Originally published in The Guardian
First, the good news: even in these troubled economic times, there exist American public schools – like those of the Lower Merion district in the suburbs of Philadelphia – prosperous enough to distribute laptop computers to every kid enrolled in the high school.
Such are the allegations listed in Robbins v Lower Merion School District, a class-action lawsuit filed in a Pennsylvania courthouse last Wednesday. The webcam activity came to light after the school’s assistant principal Lindy Matsko disciplined a student for “improper behaviour in the home,” and used a webcam photo as evidence. (The district admits the webcams were there, but insists they were merely an anti-theft device, and furthermore that the school did nothing wrong.)
Matsko’s chutzpah is just the latest (and most extreme) example of American public schools’ growing insistence that they have authority over students, not just in school hours and on school grounds, but every moment of the student’s pre-graduation life.
My own state of Connecticut is a shameful trailblazer in that regard. Four years ago, a then-high-school student named Avery Doninger was removed from her elected position as class secretary, as punishment for a blog post she’d written (at home) calling unnamed administrators “douchebags” for cancelling an in-school music festival that students had spent months trying to organise. When new class elections were held, administrators kept Doninger’s name off the ballot. She won anyway, in a write-in election, but the school refused to count the votes.
Doninger and her mother sued, on the grounds that school officials have no authority over what students say or write at home. Judges so far have ruled in the school’s favour, though Doninger has not yet exhausted all appeals. If that ruling is allowed to stand, every public school in America will have complete authority over everything students say, write and do, on campus and off, from the moment they enrol in kindergarten until they get their diplomas some 13 years later.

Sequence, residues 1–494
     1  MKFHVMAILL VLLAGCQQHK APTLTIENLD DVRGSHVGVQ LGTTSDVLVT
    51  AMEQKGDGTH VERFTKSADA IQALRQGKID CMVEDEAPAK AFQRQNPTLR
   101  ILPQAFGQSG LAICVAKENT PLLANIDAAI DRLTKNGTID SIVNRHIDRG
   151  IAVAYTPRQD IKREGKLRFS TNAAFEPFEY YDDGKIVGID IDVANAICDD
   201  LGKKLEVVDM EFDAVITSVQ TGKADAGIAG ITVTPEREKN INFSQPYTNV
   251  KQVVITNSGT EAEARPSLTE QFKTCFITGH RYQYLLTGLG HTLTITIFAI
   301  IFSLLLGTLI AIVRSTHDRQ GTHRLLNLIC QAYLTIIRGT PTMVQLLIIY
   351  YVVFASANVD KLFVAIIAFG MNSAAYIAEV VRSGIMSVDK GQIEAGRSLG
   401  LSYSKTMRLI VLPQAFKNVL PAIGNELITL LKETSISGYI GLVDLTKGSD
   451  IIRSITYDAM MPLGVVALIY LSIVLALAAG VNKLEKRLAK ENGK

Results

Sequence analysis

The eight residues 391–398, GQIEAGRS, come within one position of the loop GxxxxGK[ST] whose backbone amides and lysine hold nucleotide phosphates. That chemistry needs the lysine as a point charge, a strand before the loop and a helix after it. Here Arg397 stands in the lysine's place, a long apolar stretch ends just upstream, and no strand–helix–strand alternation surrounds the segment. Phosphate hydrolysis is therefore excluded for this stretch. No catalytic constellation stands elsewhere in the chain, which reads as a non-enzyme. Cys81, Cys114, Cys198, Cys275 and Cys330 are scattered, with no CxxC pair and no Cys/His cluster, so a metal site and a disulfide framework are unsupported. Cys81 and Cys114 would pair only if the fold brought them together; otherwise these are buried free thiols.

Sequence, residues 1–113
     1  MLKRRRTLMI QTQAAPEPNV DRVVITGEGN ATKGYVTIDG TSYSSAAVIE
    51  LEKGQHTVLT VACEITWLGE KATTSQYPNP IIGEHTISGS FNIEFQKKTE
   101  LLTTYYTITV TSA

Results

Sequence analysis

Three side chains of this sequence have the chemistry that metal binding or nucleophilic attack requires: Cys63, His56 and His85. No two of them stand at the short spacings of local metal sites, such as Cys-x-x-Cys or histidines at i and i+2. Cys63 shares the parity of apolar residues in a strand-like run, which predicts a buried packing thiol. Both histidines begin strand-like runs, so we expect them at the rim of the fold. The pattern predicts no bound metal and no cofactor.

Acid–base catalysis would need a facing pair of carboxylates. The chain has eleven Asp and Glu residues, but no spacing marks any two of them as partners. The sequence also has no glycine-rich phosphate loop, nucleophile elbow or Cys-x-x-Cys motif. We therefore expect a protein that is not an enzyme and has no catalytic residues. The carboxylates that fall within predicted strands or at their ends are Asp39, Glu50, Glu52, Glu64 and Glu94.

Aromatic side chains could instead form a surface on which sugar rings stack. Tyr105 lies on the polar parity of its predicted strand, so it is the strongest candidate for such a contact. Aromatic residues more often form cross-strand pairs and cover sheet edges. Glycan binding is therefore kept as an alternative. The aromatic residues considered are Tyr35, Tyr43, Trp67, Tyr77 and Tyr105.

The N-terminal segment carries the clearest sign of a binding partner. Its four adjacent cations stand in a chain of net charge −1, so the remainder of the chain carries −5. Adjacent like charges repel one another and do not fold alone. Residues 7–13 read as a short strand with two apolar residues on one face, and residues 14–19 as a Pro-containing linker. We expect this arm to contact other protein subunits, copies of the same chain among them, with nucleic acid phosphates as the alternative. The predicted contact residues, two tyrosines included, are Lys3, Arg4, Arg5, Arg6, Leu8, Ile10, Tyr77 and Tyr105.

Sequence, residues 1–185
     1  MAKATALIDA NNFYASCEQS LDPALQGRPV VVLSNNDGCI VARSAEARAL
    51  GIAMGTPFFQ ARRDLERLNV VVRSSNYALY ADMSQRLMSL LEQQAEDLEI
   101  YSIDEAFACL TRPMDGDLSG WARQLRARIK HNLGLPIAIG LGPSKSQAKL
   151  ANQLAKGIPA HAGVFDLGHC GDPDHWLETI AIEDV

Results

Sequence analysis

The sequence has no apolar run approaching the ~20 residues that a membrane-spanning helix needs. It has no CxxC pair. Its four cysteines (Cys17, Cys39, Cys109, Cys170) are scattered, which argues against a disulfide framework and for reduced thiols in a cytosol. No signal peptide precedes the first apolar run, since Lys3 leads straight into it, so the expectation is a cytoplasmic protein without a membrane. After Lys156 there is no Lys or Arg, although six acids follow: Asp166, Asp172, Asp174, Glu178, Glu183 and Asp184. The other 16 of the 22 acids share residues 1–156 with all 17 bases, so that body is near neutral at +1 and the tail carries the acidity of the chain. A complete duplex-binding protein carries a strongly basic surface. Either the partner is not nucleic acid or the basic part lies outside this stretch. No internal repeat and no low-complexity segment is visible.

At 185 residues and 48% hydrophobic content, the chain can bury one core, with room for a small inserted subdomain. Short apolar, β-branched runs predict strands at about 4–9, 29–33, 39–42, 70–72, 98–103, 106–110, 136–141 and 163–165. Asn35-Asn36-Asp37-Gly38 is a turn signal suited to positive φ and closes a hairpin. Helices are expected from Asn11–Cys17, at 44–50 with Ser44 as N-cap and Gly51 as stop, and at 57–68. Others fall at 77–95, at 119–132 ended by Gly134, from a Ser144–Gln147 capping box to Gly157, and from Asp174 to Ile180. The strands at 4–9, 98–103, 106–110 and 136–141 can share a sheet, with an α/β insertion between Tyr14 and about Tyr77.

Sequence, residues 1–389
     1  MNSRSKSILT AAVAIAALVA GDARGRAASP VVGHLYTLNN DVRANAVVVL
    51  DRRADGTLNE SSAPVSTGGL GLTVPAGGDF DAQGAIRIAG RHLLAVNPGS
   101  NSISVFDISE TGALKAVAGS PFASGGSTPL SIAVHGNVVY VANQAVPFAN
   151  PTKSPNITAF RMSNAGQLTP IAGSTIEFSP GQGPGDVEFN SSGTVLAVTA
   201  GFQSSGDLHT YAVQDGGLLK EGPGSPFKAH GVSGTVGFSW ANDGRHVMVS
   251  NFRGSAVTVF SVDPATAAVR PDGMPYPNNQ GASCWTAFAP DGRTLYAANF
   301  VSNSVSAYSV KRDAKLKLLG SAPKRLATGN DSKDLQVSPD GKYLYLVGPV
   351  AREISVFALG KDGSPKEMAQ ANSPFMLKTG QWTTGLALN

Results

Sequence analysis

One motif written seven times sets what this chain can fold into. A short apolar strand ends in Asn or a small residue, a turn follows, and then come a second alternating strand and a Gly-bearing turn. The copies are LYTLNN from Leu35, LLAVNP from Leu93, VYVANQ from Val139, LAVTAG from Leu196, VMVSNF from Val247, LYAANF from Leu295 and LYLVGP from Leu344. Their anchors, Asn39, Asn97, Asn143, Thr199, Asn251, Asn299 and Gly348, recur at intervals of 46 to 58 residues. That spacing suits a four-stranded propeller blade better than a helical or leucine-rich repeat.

Though even if the Doninger precedent becomes American law, I doubt any court will give schools the right to secretly spy on students and their families at home. As the Lower Merion lawsuit points out, “Many of the images captured and intercepted [by the webcams] may consist of images of minors and their parents or friends in compromising or embarrassing positions, including, but not limited to, in various stages of dress or undress.”
Before graduation, every schoolkid in the US takes at least one civics class, where they’re told how spiffy it is to be a free citizen of a free nation with liberty and justice for all. But what lessons do today’s kids really learn about their country? “You have the right to shut the hell up and do what you’re told. Authority is to be obeyed, not criticised. What you say or do at home is someone else’s business. Oh, and if school administrators want to spy on you in your bedroom (or watch your parents when they attempt to make you a sibling), that’s okay too.”